What is Fact Based Modeling

Fact based modeling (FBM) is a methodology (both notation(=structure) and protocol (=structuring)) for modeling the semantics of a subject area (i.e. the universe of discourse, the domain of interest) for the purpose of, for example, developing information systems, developing or applying laws or other rule systems or sharing information.

The main purpose of fact based modeling is to capture as much of the semantics as possible, to validate intermediate and final results with the subject matter expert in his preferred language, preferably using concrete illustrations and to remain independent of the representation for a specific implementation.

Unlike Entity-Relationship (ER) modeling or object-oriented modeling, fact based modeling treats all facts as relationships (unary, binary, ternary etc.). How facts are grouped into structures (e.g. attribute-based entity types, classes, relation schemes, XML schemas) is considered a software design level, implementation issue that is irrelevant to the capturing of business semantics. Avoiding attributes in the base model enhances semantic stability and understandability. Fact based modeling facilitates natural verbalization and thus enables productive communication with all stakeholders.

Fact based modeling provides the means to capture the knowledge of the domain experts in terms of "what" (i.e. the user requirements). FBM is conceptual, hence free of any software implementation bias. Fact Based Modeling adheres to the Conceptualization and 100% principle of ISO TR9007.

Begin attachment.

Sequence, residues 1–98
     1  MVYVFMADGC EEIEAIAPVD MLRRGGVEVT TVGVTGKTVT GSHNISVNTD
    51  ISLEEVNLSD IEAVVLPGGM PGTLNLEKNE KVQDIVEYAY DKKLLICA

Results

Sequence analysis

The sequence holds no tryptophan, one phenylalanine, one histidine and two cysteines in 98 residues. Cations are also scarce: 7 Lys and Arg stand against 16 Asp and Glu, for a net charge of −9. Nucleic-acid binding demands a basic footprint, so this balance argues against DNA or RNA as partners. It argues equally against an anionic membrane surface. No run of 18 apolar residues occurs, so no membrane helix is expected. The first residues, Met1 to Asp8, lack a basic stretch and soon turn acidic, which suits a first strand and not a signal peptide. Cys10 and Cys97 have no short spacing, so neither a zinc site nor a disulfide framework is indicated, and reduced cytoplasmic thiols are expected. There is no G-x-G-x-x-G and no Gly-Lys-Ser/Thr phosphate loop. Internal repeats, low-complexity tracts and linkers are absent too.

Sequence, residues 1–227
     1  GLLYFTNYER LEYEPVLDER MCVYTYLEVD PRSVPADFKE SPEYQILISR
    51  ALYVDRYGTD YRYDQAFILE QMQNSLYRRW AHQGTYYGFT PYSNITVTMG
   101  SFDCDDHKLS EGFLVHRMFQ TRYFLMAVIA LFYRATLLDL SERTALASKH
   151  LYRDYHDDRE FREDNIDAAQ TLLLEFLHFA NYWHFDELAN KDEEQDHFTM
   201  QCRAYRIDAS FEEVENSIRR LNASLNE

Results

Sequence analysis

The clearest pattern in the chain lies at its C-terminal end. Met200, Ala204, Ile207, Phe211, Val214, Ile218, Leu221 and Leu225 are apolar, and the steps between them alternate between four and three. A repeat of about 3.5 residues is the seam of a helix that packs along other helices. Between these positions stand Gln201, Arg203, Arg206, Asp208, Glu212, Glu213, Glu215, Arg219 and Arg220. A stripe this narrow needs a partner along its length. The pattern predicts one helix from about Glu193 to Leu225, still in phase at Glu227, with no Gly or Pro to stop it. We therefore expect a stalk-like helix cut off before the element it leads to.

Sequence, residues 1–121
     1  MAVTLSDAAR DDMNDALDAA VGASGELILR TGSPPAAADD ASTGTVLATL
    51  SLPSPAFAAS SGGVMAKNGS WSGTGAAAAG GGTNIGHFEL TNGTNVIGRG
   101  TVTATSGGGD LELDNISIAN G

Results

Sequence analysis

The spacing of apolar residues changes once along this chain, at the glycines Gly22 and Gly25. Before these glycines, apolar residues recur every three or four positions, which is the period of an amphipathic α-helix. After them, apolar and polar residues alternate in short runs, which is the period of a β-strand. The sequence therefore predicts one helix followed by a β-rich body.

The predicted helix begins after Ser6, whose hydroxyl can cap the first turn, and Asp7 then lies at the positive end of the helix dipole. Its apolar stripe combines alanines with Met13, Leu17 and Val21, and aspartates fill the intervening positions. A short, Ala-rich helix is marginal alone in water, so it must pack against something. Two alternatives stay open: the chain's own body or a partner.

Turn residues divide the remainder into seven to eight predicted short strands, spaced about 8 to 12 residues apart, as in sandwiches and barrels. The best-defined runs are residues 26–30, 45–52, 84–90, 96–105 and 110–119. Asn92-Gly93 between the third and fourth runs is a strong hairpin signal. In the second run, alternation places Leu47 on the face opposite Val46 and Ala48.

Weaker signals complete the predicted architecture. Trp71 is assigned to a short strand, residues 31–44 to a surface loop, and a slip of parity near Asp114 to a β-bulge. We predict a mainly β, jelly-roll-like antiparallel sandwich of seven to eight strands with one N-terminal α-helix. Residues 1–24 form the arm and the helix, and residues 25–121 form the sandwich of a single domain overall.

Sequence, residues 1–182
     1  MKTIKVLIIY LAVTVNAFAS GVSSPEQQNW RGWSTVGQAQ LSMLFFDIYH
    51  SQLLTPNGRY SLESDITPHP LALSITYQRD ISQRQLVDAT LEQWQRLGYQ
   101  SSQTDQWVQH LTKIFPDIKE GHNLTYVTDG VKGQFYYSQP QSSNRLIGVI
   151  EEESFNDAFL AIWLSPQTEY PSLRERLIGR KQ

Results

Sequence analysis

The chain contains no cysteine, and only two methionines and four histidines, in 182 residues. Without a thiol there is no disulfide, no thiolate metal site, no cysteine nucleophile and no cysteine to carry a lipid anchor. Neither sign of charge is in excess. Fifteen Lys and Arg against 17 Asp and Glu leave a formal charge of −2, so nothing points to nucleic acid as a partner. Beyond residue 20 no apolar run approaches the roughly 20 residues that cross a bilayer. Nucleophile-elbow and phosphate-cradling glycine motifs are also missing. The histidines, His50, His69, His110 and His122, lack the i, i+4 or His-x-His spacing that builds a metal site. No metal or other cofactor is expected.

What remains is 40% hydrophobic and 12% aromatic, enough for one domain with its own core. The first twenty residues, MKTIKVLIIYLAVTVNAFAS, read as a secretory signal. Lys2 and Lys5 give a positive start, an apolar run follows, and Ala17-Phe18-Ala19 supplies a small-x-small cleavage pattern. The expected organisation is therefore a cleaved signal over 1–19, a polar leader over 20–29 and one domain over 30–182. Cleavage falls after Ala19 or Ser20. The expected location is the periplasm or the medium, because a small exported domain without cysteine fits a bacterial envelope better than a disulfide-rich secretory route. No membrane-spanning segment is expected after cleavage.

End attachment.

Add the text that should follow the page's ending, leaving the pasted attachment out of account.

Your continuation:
FBM is based on logic and controlled natural language, whereby the resulting fact based model (the conceptual data model) captures the semantics of the domain of interest by means of fact types, together with the associated concept definitions and the integrity and derivation rules applying to populations (facts) associated with these fact types.

The fact based models are used as a basis to derive implementation specific:

•    logical data models, such as ER, UML, relational and hierarchical models,
•    physical data models, such as SQL, XSD.

The roots of fact based modeling can be traced to research into and application in business of semantic modeling for information systems during the 1970s. Subsequently, several developments have taken place in parallel, resulting in several fact based modeling “dialects”, including NIAM, ORM2, CogNIAM, DOGMA and FCO-IM.